PubMedArticle
24.
Mori  TKameda  HOgawa  H  et al.  Incidence of cytomegalovirus reactivation in patients with inflammatory connective tissue diseases who are under immunosuppressive therapy. J Rheumatol 2004;31 (7) 1349- 1351
PubMed
25.
Hashimoto  AOkuyama  RWatanabe  HTagami  HAiba  S Cytomegalovirus infection complicating immunosuppressive therapy for dermatomyositis. Acta Derm Venereol 2006;86 (6) 535- 537
PubMedArticle
26.
Kim  HRKim  SDKim  SH  et al.  Cytomegalovirus retinitis in a patient with dermatomyositis. Clin Rheumatol 2007;26 (5) 801- 803
PubMedArticle
27.
Kaşifoğlu  TKorkmaz  COzkan  R Cytomegalovirus-induced interstitial pneumonitis in a patient with dermatomyositis. Clin Rheumatol 2006;25 (5) 731- 733
PubMedArticle
28.
Oxman  MNLevin  MJJohnson  GRShingles Prevention Study Group, A vaccine to prevent herpes zoster and postherpetic neuralgia in older adults. N Engl J Med 2005;352 (22) 2271- 2284
PubMedArticle
29.
Harpaz  ROrtega-Sanchez  IRSeward  JFAdvisory Committee on Immunization Practices (ACIP) Centers for Disease Control and Prevention (CDC), Prevention of herpes zoster: recommendations of the Advisory Committee on Immunization Practices (ACIP). MMWR Recomm Rep 2008;57 (RR-5) 1- 30
PubMed
Study
August 2009

Incidence, Risk Factors, and Severity of Herpesvirus Infections in a Cohort of 121 Patients With Primary Dermatomyositis and Dermatomyositis Associated With a Malignant Neoplasm

Author Affiliations

Author Affiliations: Université Paris 7–Diderot and Department of Dermatology, Assistance Publique-Hopitaux de Paris, Hopital Saint Louis (Drs Fardet, Rybojad, Bachelez, Dubertret, Lebbe, Morel, and Dupuy); and Université Paris 6–Pierre et Marie Curie and Department of Internal Medicine, Assistance Publique-Hopitaux de Paris, Hopital Saint-Antoine (Drs Gain, Kettaneh, and Cherin), Paris, France.

Arch Dermatol. 2009;145(8):889-893. doi:10.1001/archdermatol.2009.152
Abstract

Objective  Opportunistic infections have been reported in 15% to 21% of patients with inflammatory myositis. However, to our knowledge, no data are available regarding the incidence, risk factors, and severity of herpesvirus infections.

Design  Retrospective inception cohort study.

Setting  Two departments in tertiary teaching hospitals.

Patients  All patients diagnosed as having dermatomyositis (DM) according to the criteria of Bohan and Peter seen during a 13-year period.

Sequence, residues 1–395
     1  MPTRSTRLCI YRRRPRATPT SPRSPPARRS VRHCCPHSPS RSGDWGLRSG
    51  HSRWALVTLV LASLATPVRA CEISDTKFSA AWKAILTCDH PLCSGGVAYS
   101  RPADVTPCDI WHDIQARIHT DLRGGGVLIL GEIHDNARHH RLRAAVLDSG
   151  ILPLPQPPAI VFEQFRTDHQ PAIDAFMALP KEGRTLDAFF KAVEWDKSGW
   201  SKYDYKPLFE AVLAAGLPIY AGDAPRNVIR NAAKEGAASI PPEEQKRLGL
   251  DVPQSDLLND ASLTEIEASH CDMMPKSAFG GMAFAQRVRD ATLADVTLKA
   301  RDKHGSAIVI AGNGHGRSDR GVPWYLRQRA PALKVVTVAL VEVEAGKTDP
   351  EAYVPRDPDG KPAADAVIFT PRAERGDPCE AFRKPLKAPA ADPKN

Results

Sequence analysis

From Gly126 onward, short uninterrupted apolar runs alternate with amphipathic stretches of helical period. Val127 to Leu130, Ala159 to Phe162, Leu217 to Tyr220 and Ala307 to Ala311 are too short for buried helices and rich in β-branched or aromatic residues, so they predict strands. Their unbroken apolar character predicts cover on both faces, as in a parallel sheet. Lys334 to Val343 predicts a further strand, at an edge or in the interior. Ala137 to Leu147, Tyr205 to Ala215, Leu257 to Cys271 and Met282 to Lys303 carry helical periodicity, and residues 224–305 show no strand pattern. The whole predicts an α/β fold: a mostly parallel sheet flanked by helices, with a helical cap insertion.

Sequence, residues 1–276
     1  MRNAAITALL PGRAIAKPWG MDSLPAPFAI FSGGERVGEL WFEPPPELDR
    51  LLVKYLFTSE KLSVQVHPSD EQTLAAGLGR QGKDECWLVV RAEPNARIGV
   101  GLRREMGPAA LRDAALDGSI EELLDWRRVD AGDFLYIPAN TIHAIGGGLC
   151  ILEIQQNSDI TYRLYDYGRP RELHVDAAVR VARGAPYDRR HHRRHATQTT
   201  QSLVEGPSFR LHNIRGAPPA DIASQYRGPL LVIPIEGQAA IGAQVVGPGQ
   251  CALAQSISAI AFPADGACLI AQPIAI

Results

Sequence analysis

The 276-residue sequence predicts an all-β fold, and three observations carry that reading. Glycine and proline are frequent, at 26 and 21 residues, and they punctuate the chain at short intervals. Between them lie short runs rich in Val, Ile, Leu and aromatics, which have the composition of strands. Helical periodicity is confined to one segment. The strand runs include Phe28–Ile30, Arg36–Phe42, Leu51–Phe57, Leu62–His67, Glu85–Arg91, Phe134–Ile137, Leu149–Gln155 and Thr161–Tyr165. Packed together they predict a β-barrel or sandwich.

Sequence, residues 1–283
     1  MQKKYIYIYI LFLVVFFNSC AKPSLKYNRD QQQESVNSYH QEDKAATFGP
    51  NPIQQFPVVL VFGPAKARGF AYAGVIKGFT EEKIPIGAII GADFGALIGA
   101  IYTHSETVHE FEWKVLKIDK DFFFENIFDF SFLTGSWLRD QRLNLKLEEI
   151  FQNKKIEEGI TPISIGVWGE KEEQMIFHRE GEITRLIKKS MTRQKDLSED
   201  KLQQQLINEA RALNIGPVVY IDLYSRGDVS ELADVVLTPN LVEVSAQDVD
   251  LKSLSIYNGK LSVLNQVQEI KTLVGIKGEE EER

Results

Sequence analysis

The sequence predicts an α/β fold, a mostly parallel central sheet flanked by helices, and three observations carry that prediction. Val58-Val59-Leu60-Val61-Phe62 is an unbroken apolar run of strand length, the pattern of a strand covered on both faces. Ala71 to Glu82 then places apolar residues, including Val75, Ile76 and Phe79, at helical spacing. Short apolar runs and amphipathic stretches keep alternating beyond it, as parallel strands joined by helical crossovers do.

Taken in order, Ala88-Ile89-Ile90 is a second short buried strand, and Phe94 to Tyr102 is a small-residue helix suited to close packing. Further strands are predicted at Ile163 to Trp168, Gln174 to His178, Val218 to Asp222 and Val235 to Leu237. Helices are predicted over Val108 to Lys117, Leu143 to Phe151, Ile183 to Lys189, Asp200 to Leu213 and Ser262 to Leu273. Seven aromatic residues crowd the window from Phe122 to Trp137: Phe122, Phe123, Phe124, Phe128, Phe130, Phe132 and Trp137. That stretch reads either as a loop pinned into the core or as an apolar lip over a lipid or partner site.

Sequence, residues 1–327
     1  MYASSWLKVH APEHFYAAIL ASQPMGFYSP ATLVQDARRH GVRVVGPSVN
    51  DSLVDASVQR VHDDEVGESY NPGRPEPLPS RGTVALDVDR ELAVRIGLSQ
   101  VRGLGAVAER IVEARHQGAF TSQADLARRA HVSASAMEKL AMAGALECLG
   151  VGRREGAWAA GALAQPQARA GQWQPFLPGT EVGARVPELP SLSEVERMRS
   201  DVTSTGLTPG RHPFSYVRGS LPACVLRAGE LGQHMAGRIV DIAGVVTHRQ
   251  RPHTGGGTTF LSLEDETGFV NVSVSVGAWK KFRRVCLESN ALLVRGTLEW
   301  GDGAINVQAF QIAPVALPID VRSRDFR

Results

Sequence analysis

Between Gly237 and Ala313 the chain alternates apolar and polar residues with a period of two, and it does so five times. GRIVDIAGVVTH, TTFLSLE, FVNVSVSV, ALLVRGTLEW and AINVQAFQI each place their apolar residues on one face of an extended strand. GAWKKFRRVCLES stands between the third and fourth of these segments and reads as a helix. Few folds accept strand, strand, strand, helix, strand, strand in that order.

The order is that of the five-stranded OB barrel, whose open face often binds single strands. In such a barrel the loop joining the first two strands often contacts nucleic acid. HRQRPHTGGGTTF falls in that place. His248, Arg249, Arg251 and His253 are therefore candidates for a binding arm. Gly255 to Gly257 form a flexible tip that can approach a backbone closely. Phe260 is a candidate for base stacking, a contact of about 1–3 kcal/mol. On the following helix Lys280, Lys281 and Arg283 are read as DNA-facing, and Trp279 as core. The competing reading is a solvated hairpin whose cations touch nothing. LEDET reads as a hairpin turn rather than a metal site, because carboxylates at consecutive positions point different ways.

Main Outcome Measures  Cumulative incidence rates of herpesvirus infections using the Kaplan-Meier method and risk factors for herpesvirus infections during the first year of DM using Cox proportional hazards models.

Results  A total of 121 patients met the inclusion criteria (mean [SD] age, 52 [15] years; 85 were women [70%]). Seventy-six percent had primary dermatomyositis, and 24% had dermatomyositis associated with a malignant neoplasm. The mean (SD) duration of follow-up was 42 (33) months. During follow-up, 20 patients developed a total of 22 herpesvirus infections (16 developed herpes zoster infections). The incidence rates for herpesvirus and for herpes zoster infections were 49 and 33 episodes per 1000 patient-years, respectively. In multivariate analysis, a positive association was noted between the risk of herpesvirus infection and use of systemic corticosteroid therapy (hazard ratio [HR], 3.71 [95% confidence interval {CI}, 1.02-13.41]; P = .04), lymphocyte count lower than 6000/μL (HR, 3.55 [95% CI, 1.00-12.65]; P = .05), and creatine phosphokinase level higher than 300 U/L (HR, 4.81 [95% CI, 1.28-18.06]; P = .02). Dermatomyositis associated with a malignant neoplasm tended to be negatively associated with the risk of herpesvirus infection (HR, 0.16 [95% CI, 0.02-1.29]; P = .08).

Conclusions  The risk of serious herpesvirus infections in patients with DM is high. Educational strategies and studies evaluating the risk-to-benefit and the cost-to-benefit balances of a prophylaxis with valacyclovir hydrochloride in selected patients with DM are warranted.

Dermatomyositis (DM) is a rare systemic disorder with inflammatory myopathy and typical cutaneous involvement. In adults, DM is usually primary or associated with a malignant neoplasm. It is considered to be associated with a 10% to 30% mortality rate.1,2 Death is primarily related to cardiac and lung involvement or associated with malignant neoplasms,1,2 but some cases of fatal infections in patients with DM have also been reported.3,4 In a study of 47 patients with DM, Viguier et al5 reported the incidence of opportunistic infections to be 21%. In a larger series of 156 patients (66 with DM and 90 with polymyositis), Marie et al3 reported a lower but significant rate (11.5%) of such infections. In these studies, the main pathogen microorganisms responsible for opportunistic infections were Pneumocystis jiroveci, Candida albicans, Mycobacterium xenopi, Mycobacterium marinum, or Mycobacterium tuberculosis. The incidence of herpesvirus infections has been rarely assessed. In a series of 12 patients with juvenile DM treated with cyclophosphamide, 3 patients (25%) developed herpes zoster (HZ) infection6 but, to our knowledge, no data are available on larger series. The aim of this study was to assess the incidence, risk factors, and severity of herpesvirus infections in a retrospective cohort of patients with DM seen in 2 departments during a 13-year period.